Appealing A Denial

How to Appeal a Denial

If you recently got an unfavorable decision from the Social Security Administration (SSA), you may understandably feel upset or discouraged. Don’t give up without trying an appeal — a disability lawyer may be able to help, especially if you didn’t have a lawyer’s help when you started your claim.

You must appeal within 60 days of receiving the denial for Social Security disability benefits. If you wait until more than 60 days have passed, you will need to start again and submit a new application. With a new application, you could lose back benefits you might have gotten otherwise.

The first appeal that you can do is called the “reconsideration.” A disability lawyer can explain the reconsideration phase to you and help with the preparation. If you get another denial after the reconsideration phrase, you will have another 60 days to request a hearing, which is an opportunity for you or your attorney to further present your case to the SSA.

If you decide to proceed without a lawyer’s help, you can submit your appeal in person at your local Social Security office or you can choose to do a telephone or online appeal. If you apply in person at the local SSA office, you should bring your denial letter and remember to get copies of any documents that show the date of your appeal.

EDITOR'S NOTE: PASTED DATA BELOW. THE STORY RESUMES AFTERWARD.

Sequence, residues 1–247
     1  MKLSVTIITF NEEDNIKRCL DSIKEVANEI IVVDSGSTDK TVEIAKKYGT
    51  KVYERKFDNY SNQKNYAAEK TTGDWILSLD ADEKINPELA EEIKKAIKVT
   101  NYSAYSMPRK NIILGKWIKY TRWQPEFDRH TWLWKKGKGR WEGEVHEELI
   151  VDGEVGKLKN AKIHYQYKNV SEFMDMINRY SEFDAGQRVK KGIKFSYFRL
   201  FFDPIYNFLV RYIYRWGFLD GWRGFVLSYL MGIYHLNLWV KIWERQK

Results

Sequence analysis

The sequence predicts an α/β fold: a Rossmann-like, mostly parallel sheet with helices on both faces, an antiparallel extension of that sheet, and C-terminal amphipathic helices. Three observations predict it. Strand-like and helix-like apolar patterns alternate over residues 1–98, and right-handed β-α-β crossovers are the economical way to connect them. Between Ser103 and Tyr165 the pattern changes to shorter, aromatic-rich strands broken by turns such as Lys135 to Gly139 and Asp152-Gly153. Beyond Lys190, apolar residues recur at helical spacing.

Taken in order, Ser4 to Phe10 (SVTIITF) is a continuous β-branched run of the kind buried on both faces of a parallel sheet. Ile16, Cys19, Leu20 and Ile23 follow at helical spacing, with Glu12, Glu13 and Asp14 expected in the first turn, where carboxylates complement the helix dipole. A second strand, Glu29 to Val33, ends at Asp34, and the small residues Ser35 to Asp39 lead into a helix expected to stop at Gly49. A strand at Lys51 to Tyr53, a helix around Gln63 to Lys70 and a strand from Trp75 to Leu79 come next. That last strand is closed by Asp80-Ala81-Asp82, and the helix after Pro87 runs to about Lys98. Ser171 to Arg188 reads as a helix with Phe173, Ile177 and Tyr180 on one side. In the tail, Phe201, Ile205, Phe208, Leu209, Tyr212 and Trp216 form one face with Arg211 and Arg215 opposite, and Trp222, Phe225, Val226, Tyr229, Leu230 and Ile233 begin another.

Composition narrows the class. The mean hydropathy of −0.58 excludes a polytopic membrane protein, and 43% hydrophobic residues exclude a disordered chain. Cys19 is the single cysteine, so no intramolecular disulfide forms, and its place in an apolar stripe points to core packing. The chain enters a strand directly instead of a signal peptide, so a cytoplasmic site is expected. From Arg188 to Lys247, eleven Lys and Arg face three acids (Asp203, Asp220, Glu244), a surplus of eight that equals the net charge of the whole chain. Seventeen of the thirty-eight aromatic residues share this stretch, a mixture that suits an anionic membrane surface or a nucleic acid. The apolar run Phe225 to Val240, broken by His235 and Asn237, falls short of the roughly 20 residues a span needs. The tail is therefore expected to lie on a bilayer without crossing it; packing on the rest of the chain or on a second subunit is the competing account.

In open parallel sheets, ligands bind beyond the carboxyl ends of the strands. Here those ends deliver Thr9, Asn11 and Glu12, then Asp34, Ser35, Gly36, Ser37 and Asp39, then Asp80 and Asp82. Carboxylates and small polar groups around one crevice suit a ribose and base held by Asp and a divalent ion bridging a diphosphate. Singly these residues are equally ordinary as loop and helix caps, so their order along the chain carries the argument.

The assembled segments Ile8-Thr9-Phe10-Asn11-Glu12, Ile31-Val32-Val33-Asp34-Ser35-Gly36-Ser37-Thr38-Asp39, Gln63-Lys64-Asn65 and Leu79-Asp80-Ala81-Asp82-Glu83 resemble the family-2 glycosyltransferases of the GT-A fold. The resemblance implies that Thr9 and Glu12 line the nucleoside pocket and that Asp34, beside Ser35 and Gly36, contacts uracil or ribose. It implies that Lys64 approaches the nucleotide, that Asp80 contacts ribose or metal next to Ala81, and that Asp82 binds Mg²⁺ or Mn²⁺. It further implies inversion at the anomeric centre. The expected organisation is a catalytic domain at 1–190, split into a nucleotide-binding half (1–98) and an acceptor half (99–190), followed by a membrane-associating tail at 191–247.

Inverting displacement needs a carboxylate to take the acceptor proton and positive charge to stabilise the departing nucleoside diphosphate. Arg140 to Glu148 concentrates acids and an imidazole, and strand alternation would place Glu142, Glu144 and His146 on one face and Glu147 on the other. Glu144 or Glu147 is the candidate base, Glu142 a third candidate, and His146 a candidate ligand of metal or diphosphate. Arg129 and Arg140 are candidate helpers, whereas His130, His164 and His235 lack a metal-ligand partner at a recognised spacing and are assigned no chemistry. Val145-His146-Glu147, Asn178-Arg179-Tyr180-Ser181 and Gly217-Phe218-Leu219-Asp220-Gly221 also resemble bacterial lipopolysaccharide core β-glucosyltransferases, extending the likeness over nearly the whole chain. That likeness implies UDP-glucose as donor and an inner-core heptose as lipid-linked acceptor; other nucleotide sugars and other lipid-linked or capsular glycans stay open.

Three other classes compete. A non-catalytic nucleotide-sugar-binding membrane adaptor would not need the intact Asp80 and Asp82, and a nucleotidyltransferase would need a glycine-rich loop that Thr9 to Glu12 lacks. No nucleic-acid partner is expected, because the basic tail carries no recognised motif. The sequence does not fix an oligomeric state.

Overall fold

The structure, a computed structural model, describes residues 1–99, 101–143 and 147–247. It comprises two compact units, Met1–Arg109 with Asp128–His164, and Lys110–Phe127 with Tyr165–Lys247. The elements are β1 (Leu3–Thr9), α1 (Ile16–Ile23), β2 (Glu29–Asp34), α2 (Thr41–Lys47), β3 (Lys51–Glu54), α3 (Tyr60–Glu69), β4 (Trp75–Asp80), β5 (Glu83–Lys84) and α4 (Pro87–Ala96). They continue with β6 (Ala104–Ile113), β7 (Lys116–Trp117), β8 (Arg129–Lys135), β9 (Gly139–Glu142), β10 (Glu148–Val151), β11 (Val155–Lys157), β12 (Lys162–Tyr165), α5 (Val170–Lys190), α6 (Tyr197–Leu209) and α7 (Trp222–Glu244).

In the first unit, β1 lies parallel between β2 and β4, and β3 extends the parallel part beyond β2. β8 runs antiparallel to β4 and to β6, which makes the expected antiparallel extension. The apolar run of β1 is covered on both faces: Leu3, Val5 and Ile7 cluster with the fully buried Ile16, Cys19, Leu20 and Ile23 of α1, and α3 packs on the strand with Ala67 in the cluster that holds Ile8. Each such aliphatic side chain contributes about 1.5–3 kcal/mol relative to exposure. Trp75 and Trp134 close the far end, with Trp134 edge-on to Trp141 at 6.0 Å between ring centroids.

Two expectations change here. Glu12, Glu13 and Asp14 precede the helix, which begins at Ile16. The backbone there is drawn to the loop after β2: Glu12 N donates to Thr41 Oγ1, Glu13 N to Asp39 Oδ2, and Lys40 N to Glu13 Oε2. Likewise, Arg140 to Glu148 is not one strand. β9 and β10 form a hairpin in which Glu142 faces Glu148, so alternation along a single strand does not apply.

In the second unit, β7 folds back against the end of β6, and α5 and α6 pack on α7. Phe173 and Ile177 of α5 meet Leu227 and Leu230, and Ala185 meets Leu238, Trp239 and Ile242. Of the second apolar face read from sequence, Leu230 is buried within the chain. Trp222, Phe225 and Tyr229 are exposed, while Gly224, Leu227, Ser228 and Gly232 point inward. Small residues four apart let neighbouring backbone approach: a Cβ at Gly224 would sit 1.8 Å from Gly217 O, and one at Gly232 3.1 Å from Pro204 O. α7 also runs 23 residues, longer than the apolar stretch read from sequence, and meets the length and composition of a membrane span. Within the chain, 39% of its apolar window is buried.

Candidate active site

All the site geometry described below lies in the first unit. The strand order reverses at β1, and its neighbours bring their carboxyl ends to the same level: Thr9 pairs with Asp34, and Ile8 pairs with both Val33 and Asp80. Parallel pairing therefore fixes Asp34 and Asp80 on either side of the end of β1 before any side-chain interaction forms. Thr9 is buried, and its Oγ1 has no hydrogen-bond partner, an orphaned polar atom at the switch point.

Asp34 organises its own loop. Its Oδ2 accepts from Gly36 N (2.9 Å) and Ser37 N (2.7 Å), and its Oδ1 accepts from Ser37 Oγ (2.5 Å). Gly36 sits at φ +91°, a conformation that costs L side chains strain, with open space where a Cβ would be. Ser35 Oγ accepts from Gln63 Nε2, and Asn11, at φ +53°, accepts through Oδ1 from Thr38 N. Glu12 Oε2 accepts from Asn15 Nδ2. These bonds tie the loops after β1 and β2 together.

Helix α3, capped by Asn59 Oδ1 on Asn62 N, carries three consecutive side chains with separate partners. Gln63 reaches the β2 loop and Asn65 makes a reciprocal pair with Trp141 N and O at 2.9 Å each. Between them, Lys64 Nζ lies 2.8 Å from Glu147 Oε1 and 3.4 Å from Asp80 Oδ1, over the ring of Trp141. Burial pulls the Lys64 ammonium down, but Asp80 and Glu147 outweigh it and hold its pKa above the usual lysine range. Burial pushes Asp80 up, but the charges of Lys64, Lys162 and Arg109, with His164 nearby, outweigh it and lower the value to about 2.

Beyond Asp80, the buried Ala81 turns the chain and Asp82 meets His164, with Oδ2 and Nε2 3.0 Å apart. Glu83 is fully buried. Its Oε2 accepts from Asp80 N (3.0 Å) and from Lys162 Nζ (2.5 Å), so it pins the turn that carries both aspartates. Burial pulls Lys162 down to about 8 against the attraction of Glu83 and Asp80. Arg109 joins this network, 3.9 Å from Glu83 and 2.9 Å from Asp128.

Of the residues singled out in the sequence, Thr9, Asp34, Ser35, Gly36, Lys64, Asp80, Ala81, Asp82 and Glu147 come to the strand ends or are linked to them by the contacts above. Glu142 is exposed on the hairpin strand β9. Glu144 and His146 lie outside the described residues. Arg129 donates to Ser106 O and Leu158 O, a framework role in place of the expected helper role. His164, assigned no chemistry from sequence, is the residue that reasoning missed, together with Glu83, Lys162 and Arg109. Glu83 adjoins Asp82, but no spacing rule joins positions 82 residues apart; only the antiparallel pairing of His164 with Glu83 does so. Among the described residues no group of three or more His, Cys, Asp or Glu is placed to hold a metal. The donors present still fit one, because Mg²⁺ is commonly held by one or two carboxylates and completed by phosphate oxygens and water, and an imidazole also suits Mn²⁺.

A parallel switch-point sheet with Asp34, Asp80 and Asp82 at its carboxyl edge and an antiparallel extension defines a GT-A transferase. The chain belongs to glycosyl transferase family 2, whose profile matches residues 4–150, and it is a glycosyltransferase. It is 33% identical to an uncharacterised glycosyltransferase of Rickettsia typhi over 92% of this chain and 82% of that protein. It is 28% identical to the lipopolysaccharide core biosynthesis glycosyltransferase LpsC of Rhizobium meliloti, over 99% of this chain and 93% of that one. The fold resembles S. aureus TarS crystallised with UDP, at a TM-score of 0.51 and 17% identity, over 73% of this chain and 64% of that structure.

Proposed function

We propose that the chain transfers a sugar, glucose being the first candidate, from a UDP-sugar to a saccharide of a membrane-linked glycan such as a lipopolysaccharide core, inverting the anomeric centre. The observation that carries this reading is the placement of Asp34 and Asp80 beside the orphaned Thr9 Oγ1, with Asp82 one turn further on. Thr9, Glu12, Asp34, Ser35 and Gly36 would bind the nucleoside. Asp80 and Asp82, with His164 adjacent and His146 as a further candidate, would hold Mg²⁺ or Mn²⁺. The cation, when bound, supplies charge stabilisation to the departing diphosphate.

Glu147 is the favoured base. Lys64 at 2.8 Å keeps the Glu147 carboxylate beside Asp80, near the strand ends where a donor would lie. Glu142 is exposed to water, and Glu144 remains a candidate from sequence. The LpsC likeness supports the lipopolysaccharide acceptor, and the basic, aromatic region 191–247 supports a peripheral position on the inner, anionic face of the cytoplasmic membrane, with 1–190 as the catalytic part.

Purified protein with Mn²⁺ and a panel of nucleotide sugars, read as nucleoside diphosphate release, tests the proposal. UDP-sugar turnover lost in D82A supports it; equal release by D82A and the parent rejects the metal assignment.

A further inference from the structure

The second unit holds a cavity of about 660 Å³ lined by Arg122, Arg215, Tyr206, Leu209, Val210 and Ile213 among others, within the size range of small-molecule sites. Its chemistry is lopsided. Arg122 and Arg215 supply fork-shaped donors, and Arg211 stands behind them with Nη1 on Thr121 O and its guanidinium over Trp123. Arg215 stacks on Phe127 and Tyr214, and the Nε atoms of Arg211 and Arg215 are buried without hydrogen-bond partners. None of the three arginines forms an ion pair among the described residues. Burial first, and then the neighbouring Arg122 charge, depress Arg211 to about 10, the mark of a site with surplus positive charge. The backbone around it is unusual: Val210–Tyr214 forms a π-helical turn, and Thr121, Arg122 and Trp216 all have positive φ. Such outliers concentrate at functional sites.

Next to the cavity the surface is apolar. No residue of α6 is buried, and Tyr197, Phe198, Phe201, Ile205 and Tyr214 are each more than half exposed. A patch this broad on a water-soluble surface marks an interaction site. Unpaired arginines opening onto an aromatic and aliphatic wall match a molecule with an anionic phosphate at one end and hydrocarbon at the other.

Cambridge disability lawyerYou can also appeal over the telephone. If you contact the SSA by phone to start an appeal, you will need to prepare some materials to be sent by mail. Lastly, you can appeal online at the SSA website Remember to print your receipt or confirmation page so that you can prove the date of your appeal within the 60-day period.

What is a Social Security disability Reconsideration?

Social Security disability claimants whose initial applications for disability are denied have 60 days from receipt of denial to file an appeal, and that first appeal is called a Request for Reconsideration.

Reconsideration takes on average about 90 days, and only 15% of reconsideration appeals are granted. However, reconsideration is a necessary step before the hearing level, where 55% of appeals are granted.

At reconsideration a different team of disability examiners will evaluate your claim. The SSA will not make a medical determination at this level. That determination does not occur until after the second appeal and a hearing is held.


Contact the office of disability lawyer, Terrence L. Parker, for guidance today if you want to keep fighting for your Social Security disability benefits but don’t know how to start. The help of an experienced disability lawyer may make all the difference.


If it wasn't for Attorney Parker, I don't know what I would have done! He is so knowledgeable and guided me through each step of the process. He got my benefits quickly. If you’re applying for your benefits, he's the one to call.
C. Jones, Boston, Mass.

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